getting underway
we lined up the feed pumps
and kicked off the auxiliaries
and went on ship's power,
dropping our umbilical cords from the pier
like the doctor cuts the cord
on the newborn:
separating us from mother earth,
sending us to the bounding main;
when we turned the nozzles of steam
onto the turbines of the main engine
and watched the tree trunk sized shaft
turning slowly;
the engine room wheezed and coughed
and made us feel like we
were in a jungle of sweltering pumps and motors
while the distilling plants gurgled with
Rube Goldberg smugness,
making you wonder if
they would really make
good water

I was a sailor
back when we manned the big guns,
not standing apart, aloof, with computer controls
in the air conditioned spaces
but inside those big guns,
metal death traps where
we stood alongside the breech
when the firing shook our brains, our guts, our souls
and we loved the thrill of it all
and the brass kicked out the aft end
and the hot case man with his asbestos gloves
smacked them out onto the rolling deck:
no automatic, manless machine of death
back then.

I was a sailor
back when we didn't know
what the hell politically correct meant,
back when they meant
what they said when they said,
"if the navy wanted you to have a wife,
they would have issued you one."
Navy was a way of life,
living on board, locker in a club
just outside the main gate
with civvies,
you could go down to sailor town
drink beer and cheap whiskey
enough to make the woman look
pretty enough to pay
for the night so
you could get back in time
for quarters at 0700
unless there was a fight.

I was a sailor back then
when men were men
sailors were sailors
then was then.

Friday, February 4, 2011

Old is Almost a State of Mind

SAN DIEGO – Age is a relative thing whether it’s in the Southwest corner or back home in Lebanon.

This past week I turned 67. I am not sure why the event seemed so much more cataclysmic than 65 or 66, but “67” just sounds older.

Before the first line of W.B. Yeats’ famous poem, “Sailing to Byzantium” was unfortunately stolen by Hollywood and used as the title for the violent movie “No Country for Old Men,” the poem addressed aging.

I like the poem but had thought little of it in the past few years. I revisited a quote from the poem courtesy of National Public Radio last Thursday. The beginning of the second verse goes, “An aged man is but a paltry thing / A tattered coat upon a stick.” I can identify with that whether my coat is tattered or not and even though my stick is a pretty thick, bald stick.

The NPR program “All Things Considered,” discussed productivity of the aging, dwelling on creative folks. The discussion was generated by “Lastingness: the Art of Old Age” by Nicholas Delbanco. Delbanco’s book discusses late productivity, citing examples of artists Claude Monet and Georgia O’Keefe and the composer Giuseppe Verdi, among others. Yeats himself wrote up to his final days when he died in France at 74.
Consequently, I decided I was into lastingness.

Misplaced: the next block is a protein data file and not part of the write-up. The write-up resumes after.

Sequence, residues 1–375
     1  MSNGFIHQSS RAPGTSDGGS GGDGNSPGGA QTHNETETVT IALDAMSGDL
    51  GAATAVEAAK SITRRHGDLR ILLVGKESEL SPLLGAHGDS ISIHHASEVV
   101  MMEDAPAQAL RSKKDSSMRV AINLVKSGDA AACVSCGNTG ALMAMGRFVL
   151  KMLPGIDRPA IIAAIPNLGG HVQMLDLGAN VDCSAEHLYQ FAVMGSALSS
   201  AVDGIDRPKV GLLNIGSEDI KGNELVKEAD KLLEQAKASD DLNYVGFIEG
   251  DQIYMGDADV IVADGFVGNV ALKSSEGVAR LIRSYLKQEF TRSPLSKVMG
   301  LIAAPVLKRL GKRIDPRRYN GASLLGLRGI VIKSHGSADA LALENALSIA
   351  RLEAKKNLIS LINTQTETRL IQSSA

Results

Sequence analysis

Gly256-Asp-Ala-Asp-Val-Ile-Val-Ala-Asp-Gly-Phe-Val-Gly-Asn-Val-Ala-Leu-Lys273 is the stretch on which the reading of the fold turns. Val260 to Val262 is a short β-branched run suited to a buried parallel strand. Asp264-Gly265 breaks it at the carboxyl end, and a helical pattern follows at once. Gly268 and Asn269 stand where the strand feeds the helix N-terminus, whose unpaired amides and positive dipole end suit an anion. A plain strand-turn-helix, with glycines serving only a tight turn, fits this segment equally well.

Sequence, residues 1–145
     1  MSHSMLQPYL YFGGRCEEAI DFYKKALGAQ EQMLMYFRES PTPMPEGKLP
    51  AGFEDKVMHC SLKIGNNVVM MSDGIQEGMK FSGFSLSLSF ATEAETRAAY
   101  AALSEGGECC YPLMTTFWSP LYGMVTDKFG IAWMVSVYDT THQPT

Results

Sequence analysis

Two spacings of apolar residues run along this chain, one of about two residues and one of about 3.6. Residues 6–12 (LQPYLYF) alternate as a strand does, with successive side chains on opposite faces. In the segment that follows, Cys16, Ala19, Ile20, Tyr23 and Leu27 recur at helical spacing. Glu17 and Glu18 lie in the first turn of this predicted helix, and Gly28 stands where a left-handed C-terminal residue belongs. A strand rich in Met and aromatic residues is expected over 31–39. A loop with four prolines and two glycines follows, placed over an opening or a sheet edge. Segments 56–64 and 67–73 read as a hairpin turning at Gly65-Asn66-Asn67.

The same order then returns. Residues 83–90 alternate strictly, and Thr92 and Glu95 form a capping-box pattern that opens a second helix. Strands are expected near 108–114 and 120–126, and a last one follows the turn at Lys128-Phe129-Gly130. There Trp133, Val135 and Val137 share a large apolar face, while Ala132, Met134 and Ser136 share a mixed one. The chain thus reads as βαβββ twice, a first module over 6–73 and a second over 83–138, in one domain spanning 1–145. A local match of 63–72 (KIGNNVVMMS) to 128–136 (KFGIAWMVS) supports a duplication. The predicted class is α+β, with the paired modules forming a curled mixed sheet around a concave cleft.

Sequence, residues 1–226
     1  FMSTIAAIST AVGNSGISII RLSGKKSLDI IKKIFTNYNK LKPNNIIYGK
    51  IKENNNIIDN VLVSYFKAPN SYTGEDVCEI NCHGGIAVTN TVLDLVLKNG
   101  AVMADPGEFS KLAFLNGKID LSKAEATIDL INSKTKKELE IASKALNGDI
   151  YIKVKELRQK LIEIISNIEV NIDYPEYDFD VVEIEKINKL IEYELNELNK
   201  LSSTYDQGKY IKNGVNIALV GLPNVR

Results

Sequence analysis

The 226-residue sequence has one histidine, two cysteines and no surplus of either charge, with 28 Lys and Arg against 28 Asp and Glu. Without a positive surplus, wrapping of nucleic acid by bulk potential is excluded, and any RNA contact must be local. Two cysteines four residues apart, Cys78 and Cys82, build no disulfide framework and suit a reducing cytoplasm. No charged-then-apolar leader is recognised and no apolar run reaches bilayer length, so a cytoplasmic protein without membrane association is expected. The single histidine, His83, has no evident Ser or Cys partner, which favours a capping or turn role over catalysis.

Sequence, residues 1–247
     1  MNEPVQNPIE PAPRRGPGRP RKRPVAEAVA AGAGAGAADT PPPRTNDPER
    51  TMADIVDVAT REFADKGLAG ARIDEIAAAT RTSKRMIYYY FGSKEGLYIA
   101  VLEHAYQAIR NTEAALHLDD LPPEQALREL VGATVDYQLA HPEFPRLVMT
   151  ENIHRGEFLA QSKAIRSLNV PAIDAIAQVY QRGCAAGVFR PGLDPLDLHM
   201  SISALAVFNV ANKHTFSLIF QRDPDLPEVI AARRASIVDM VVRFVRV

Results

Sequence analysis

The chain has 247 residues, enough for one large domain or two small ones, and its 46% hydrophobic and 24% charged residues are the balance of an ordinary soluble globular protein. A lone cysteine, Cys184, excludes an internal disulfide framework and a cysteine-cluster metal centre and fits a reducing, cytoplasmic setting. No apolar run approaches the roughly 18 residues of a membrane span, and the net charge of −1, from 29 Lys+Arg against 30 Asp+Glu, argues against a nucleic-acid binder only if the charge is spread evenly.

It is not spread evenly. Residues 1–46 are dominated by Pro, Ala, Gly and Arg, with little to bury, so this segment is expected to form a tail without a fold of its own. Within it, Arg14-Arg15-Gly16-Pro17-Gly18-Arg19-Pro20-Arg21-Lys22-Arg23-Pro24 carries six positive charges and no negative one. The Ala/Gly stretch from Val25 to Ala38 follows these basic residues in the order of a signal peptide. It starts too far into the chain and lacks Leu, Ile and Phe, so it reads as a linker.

* * *

When I told my father, half-way to 97, I felt old at 67, he laughed, “You’re not old yet.”

He’s right, of course. I am fortunate to be in good heath. I can do most things I have done all of my life, but I do them slower with a lot more creaks, crackles and grunts than there used to be. I also have found it takes me a lot longer to do anything.

For example, I used to rise and be out of the house in 15 minutes to play golf. I arrived at the course and immediately went to the first tee. Now it takes me an hour or more to wake up, stretch, take pills, and check to make sure I am taking all that I need. Once at the course, I must stretch again, have a cup of coffee, hit a small bucket of range balls, practice chipping and putting before teeing off. It takes almost a full work day to golf.

* * *

For those of us who grew up in Lebanon from the mid-1940s to the early 1960s, I am the second oldest of my high school class (LHS and CHMA). This doesn’t seem quite fair as Gayle Marks Bryne, the only person older from the 1962 class remains lovely and young looking.

So I’m going for “lastingness.”

I am even working on relating to the young. My youngest daughter Sarah and I will soon attend a San Diego State basketball game. The Aztecs have the longest winning streak in the country (20) and are ranked number six in the country. Sarah became interested in college basketball when I took her and her mother to a Vandy game two years ago when we were home for Christmas.

Sarah is buying a guest ticket, and we will sit in the student section. I plan on keeping my shirt on, not painting my body or face, and wearing my ear plugs. I don’t intend to act that young.

* * *

I seem to think about this growing old thing more than most. I am not sure why I am so wrapped up about aging. In fact, I find as I get older, I am less sure about a lot of things.

So I’m going for “lastingness.” And why not?

On my birthday, I received several cards and a number of emails wishing me well. I finagled two dinners and a golf game out of the occasion. Sarah made her grandmother’s boiled custard to celebrate the day.

On my birthday eve, I received a phone call from my parents who sang “Happy Birthday” to me. The next morning, my computer displayed an internet video of my grandson, courtesy of my older daughter Blythe, singing that song to me. Neither version was exactly on key.

But they were the two sweetest songs I have heard in a long, long time.
Right then, I decided there are a lot of good things about lastingness.